A cultural commentary realized through interaction, and one designed around the framework of an entertainment experience.
Memes, in the form of captions on a select handful of images, are an inherently participatory phenomena. A user selects from a handful of images with strong cultural connotations and then expresses, through that meme’s archetype, their thoughts and anecdotes.
The term also describes wider forms of Internet‐based subculture. Some that are scripted and repeatable, or emergent and absurd. But all memes are an expression of old behaviors in a different cultural context.
Why collect a wall of memes?
First because memes matter (see Luckett and Dennett). They are often very short lived, and so any collection of them would become a snapshot of an almost exact moment in history. Next, because memes, if not largely enjoyable, are at least infectious. Meme was a term originally coined by Richard Dawkins in The Selfish Gene to describe thoughts that are able to self‐propagate through a population and which are also honed by that population into more “virulent” forms.
Harambe memes are an example of this, and they dominated 2016. Once disassociated from the tragic events in Cincinnati, the word itself became a means for discussing race relations and the popular media, as well as an explosively infectious and inherently meaningless form of meta‐humor — laughter because people won’t stop laughing.
This is the key part in the belief that such an installation could be successful. Happenstance alone cannot ensure a meaningful level of participation. In order to research design in environmental and participatory installations, participants must be willing and gain some value from it. With Meme Me, the enjoyment comes from the absurdity.
Meme Me is designed to be a novel, absurd, and sharable experience.
This is done in light of the goals of the project and the constraints and considerations of the site.
First, the installation collects graffiti. It is this interaction that houses the design experiments and challenges. The immediate hurdle for any interactive site is getting people interested at all, but the next are directing those interactions and accounting for bad behavior.“Meme Me” takes those bad behaviors on the nose. It is presented as an art installation in order to disguise its utility as design research to uncover the ways participants might subvert, spoil, or diminish such interactions. And asking people to graffiti memes is, unquestionably, a provocation — there are ones for hate speech, like “Hitler did nothing wrong” and “Pepe,” and their use ranges from absurd, dark humor to genuine expressions of hateful bigotry.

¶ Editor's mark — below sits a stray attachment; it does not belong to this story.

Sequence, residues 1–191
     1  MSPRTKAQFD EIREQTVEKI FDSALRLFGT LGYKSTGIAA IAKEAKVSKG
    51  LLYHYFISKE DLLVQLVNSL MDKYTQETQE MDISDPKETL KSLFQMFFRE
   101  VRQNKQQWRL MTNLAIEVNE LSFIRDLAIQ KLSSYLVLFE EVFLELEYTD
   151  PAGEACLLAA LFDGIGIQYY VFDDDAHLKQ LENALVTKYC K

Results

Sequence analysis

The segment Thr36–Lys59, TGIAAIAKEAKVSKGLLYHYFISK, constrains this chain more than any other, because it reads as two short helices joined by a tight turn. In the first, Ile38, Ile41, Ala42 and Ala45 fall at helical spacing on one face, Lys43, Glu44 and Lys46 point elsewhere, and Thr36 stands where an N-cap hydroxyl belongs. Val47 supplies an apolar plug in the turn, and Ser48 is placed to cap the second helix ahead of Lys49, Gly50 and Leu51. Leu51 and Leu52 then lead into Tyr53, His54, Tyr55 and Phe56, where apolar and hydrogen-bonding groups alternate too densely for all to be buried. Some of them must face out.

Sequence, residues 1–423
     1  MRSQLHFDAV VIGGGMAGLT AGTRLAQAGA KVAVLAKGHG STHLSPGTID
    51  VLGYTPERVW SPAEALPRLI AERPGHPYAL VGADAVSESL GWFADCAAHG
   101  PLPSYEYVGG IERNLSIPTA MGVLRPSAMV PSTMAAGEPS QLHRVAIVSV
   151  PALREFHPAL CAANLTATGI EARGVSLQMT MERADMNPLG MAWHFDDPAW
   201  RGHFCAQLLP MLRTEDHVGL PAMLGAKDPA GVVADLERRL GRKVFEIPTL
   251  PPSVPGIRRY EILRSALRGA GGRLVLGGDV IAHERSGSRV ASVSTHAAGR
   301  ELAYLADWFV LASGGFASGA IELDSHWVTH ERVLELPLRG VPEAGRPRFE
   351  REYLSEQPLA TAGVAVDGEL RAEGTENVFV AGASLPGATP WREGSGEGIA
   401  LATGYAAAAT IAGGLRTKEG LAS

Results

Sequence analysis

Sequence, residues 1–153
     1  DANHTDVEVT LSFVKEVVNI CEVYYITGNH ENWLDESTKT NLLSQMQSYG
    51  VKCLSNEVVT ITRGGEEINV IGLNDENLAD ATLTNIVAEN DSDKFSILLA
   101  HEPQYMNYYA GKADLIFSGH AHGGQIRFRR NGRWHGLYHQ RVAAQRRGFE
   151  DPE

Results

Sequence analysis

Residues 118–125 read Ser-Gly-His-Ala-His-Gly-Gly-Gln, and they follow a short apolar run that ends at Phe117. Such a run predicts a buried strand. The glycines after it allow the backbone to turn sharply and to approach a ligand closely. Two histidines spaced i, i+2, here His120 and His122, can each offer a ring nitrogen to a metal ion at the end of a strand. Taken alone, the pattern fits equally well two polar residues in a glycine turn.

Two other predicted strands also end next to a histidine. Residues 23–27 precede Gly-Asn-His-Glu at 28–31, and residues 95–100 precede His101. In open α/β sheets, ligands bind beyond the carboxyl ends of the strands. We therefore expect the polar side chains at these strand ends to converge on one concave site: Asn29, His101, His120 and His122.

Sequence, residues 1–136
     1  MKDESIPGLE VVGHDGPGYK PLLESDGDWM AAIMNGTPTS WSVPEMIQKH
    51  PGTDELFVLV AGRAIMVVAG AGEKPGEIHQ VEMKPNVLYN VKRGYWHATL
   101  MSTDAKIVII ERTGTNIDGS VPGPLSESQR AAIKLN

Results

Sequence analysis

An installation about sharing, taking, and leaving your mark.
“Study Tips” combines a bulletin board concept with constructive disassembly as an interactive component.
The installation encourages the public to take pieces, move others around, and leave behind messages. In this, is the design experiment and part social experience. The notion being tested is if such artifacts will influence further participation.
Popular distributions demonstrate a trend in human behavior, where success is heavily influenced by the reactions of other people. This study would look into how “seeding” influences participation rates.
Constructive disassembly and artifacts of interaction
The interactions in this plan give students an opportunity to share advice and ideas — and a chance to observe if and how participants voice humor or cynicism. This last point is important, because, as with the Meme Me installation, it requires significant forethought to mitigate trolling and undesired outcomes.
Since the installation would be in place throughout the last month of the semester, while students are preparing for exams and finals, it presents a timely opportunity to talk about studying. Good working and studying habits are often unintuitive, such as the advice that shorter studying sessions with more time between them increases memory retention. They can also be novel and incredibly personalized, and these tips are the true goal of such a collection.
Here, a passerby is prompted to remove a pencil which leaves behind the loose string holding it. They then write a piece of study advice on the provided paper, and finally to hang the paper at the end of the wall. The loose string and written notes become the artifacts of those interactions, and further invite participation with the site.